For more common tags and their functions, open this reference handout of HTML5 tags on Google Docs.
Developed in 1989 and released publicly in the early 1990s, HTML has slowly evolved over the past two decades.
While tags like <blink> are now virtual antiques, the basic philosophy of the language remains unchanged. HTML5 allows designers to incorporate interactivity more easily, like the Pitchfork Magazine Cover Story you saw in the Lesson 3 video.
Komodo Edit is a free coding program that you can download for your PC or Mac.
While you're welcome to use any coding program you'd like for this class, Komodo Edit is the platform I'll use for the class demonstrations of HTML and CSS.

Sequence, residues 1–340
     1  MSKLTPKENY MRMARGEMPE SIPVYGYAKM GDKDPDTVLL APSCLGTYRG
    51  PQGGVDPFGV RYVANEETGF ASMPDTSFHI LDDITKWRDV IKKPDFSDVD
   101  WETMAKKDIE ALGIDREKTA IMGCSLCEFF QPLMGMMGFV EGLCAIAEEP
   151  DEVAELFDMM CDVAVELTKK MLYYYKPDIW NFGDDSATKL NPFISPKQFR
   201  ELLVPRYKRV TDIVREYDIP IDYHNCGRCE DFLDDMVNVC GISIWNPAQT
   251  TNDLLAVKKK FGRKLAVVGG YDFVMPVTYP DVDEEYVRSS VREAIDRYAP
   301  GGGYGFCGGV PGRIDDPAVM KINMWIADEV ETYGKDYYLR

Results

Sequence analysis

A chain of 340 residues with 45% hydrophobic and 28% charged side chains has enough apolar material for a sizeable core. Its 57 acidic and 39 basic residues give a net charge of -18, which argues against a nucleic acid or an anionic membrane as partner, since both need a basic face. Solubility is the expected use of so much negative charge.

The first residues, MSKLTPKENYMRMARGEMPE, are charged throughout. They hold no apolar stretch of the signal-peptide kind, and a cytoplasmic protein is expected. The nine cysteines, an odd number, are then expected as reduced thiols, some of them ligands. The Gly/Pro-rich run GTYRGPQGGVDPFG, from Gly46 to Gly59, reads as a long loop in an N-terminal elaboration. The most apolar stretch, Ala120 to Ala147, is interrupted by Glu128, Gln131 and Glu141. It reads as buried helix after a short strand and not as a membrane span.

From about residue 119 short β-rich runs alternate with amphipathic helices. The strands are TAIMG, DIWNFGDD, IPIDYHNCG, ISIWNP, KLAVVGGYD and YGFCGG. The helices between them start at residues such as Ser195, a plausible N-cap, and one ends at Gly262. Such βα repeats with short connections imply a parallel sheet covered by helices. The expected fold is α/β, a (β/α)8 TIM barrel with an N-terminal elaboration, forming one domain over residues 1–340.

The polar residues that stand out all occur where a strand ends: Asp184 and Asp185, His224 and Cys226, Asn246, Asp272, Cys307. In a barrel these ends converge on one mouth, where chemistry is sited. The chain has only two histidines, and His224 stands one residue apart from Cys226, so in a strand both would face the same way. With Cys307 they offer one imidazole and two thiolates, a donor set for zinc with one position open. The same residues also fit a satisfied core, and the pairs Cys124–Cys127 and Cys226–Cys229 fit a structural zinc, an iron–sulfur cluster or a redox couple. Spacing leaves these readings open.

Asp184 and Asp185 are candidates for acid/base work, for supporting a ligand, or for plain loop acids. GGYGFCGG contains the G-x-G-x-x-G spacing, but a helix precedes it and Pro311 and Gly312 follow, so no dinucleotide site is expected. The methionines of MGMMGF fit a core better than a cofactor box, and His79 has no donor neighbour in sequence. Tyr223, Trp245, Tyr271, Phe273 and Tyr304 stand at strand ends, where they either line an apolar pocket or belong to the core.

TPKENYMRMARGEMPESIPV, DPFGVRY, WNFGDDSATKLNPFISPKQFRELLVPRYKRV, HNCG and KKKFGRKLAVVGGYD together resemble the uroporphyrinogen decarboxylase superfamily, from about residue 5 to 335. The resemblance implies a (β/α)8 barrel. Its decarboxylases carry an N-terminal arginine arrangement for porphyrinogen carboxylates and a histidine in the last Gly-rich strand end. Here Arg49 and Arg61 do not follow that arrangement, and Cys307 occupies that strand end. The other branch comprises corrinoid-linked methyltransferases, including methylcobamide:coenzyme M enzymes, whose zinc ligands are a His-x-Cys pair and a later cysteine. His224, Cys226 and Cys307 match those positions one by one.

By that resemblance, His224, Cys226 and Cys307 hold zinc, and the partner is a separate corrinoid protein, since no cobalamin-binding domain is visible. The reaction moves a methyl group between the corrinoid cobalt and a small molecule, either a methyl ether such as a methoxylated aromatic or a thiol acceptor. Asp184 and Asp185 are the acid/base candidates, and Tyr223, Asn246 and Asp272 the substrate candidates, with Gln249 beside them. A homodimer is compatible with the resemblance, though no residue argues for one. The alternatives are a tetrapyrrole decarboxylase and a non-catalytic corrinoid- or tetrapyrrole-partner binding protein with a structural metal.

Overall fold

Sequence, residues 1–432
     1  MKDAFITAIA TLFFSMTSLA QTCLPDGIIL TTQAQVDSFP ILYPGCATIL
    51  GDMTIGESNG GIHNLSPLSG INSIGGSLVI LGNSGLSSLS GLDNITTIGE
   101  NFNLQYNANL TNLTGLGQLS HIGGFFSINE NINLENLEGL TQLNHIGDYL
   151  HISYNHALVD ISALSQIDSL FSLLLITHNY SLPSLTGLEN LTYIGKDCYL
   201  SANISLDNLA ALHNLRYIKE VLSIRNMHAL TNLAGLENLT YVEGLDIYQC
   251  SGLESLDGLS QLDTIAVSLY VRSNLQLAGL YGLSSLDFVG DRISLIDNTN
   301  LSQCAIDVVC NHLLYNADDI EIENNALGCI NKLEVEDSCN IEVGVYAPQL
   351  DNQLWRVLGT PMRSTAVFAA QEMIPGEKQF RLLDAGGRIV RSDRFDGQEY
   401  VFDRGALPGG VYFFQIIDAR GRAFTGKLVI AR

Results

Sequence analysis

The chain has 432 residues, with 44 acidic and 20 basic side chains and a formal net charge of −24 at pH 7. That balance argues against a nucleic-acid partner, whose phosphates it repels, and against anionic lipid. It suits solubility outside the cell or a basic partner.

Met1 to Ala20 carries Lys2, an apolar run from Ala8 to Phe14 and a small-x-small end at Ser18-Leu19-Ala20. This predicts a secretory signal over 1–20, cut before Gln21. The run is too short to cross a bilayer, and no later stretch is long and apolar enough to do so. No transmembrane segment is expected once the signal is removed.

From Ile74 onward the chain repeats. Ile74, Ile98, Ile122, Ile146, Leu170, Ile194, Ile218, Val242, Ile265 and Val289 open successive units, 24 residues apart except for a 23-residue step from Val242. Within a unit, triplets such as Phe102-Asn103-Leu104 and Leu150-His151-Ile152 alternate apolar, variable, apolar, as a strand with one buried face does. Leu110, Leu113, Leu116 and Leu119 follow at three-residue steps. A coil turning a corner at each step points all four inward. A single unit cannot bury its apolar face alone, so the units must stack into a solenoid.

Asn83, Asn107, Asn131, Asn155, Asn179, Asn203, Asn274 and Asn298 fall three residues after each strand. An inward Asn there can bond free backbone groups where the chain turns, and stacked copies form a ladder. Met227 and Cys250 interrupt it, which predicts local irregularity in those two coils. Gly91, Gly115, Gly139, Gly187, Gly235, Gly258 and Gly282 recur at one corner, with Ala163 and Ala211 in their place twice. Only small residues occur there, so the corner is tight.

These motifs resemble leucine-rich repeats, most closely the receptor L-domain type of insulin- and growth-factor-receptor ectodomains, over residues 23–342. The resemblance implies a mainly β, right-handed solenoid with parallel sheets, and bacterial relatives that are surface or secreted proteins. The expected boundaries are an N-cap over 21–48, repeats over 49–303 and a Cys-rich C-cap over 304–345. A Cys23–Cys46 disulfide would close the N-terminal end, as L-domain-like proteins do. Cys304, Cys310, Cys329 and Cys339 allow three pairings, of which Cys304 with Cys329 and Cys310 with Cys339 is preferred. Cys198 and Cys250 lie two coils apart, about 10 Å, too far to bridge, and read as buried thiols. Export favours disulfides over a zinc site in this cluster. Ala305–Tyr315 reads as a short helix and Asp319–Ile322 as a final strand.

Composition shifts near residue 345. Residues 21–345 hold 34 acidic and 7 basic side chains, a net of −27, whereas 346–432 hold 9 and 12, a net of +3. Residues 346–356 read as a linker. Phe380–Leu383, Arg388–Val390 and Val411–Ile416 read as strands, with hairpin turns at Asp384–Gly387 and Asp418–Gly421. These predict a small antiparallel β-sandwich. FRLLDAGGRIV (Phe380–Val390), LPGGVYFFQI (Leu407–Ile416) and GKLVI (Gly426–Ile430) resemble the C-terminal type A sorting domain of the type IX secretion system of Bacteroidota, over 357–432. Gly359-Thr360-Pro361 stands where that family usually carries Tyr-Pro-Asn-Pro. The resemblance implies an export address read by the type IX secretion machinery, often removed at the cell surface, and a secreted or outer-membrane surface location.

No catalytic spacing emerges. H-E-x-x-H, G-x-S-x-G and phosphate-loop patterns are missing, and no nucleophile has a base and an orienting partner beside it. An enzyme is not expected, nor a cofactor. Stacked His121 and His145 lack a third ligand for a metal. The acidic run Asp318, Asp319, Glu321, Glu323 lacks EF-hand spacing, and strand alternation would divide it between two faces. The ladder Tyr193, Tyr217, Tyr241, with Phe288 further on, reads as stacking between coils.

I recommend you use either Chrome or Firefox as your browser. Both are free to download on Macs and PCs, and both can display the HTML5 tags you'll be writing. As we move into more complicated design, both will also offer useful tools to see how other websites were built.
Code Academy has excellent self-guided HTML resources if you'd like to practice more.
We'll discuss the most common tags in this lesson and the next, and you can find a complete list of HTML5 tags here.
Don't feel bad that these first pages look as dated as the original website of the movie Space Jam, which has remained untouched since 1996.
In the next few weeks, you'll learn the skills to turn these featureless basic pages into attractive designs.